Andy Monceaux possesses a precious thing and he’s working fast to keep it. The longtime owner of Marley’s bar on Jefferson Street, Monceaux is also the majority owner of the building at 314 Jefferson catty-corner to Marley’s. It’s a grand old building in the “they don’t make ’em like they used to” mold — solid as granite with a two-story-tall interior skirted by a wide balcony. It was for most of its life Lee’s Furniture Store before a several-year run as Karma Nightclub & Lounge, which famously went out of business in a miasma of marijuana smoke and throbbing hip-hop at the beginning of the year after a much-publicized attempt by the Downtown gentry in 2013 to shutter it.

Monceaux had nothing to do with Marley’s, but his ownership of the building is where that precious thing — a bar liquor license — comes in. The license to sell booze as a bar, as opposed to a restaurant, is tied to the physical address of the building, and under the terms of a moratorium on issuing such licenses in Lafayette’s Central Business District, Monceaux has one year from the date of Karma’s closure to get a new bar up and running at 314 Jefferson. If he can’t, the bar license expires and cannot be renewed; there will simply be one fewer bar license Downtown where there are only about 20 such licenses. They really are precious things.

The moratorium on new Downtown bar licenses was a sensible if not over-broad response to an unintended consequence: When the city embarked on revitalizing Downtown beginning with the StreetScape project in the mid-to-late 1990s, few foresaw the rapid proliferation of bars along Jefferson Street and the public-safety issues that attend thousands of alcohol-fueled young people looking for a party in a confined area. We wanted art galleries, boutiques and restaurants but we got a lot of bars. The police had to create a special security detail for Downtown on weekends, and the council ultimately decided that a moratorium on new bar licenses was necessary. No more bars — we have enough already.

KempB-RMayAnd that’s a problem for Berry Kemp, the owner of Artmosphere at the corner of Johnston and Convent streets. It’s a good pace away from Monceaux and Jefferson Street, but in the CBD all the same.

Artmosphere opened just a few months before the moratorium was issued, but because of its proximity to Ascension Episcopal Church and the prospect of a protracted fight with the Episcopalians over opening as a bar — city ordinance prohibits a bar from opening within 300 feet of a church and Artmosphere is right at the edge of that — Kemp opened Artmosphere as a restaurant.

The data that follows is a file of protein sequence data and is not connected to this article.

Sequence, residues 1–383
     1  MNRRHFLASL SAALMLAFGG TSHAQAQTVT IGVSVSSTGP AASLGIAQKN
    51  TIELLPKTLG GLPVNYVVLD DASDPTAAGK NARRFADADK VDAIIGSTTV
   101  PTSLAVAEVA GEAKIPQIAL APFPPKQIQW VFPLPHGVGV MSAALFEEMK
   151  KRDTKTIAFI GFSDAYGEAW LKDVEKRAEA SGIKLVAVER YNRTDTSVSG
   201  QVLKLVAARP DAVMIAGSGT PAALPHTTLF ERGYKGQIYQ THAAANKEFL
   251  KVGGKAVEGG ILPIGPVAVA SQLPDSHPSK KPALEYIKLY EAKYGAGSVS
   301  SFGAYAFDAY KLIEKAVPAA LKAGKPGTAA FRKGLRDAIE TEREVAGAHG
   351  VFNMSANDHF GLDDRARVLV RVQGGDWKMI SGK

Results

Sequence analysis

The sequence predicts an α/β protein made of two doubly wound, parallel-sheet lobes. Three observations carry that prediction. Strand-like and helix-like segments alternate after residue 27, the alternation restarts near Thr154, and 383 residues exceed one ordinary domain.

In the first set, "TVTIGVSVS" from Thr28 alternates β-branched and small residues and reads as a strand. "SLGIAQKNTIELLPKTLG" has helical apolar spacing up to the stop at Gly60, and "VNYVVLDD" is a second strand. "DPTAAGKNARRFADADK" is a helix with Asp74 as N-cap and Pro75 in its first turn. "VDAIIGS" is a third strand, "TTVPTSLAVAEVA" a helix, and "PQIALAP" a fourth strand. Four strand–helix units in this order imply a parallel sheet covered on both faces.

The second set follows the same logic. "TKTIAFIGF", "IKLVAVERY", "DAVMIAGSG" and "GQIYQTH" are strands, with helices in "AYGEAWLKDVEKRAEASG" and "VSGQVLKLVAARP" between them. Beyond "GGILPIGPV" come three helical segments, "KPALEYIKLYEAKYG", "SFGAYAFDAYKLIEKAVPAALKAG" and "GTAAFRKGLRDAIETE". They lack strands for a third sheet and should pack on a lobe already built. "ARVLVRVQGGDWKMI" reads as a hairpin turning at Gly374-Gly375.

A bar can earn 100 percent of its revenue on liquor sales, but a restaurant must earn 51 percent of its revenue on food. For the first several years of Artmosphere’s life, when it was more or less a bistro slash art gallery that had nightly acoustic music in a corner, that was fine. It was a restaurant.

But over the last several years, especially after Kemp renovated the former residential property and added an indoor stage with a good public address system and began booking full-on bands — mostly rock and roots, many local but also popular regional acts — Artmosphere has morphed into a bar insofar as its revenue tilted sharply toward the sale of alcohol and away from food.

Artmosphere was audited by the state, and last month Kemp was given an ultimatum: Get your food sales back up to the 51 percent level within three months or lose your license to sell alcohol, which would probably deliver a fatal blow to Artmosphere as a popular live-music venue. Who’s going to sit and listen to a band for two hours and not knock back some beers?

Kemp is in a tight spot. The simple thing to do would be to become licensed as a bar, but that’s impossible because of the moratorium. A very likely result is that a venue best known for giving young bands a stage — a venue that has never had to have police respond to a fight or other typical “bar” issues — will cease to exist.

And with due respect to Monceaux, whom I’ve met and believe is a straight shooter and an honest operator, whatever becomes of the former Karma space, it will likely be just another bar dispatching drunk people into the swirl of Jefferson Street on Saturday nights.

Eat lunch at Artmosphere today. Kemp serves a killer quesadilla.

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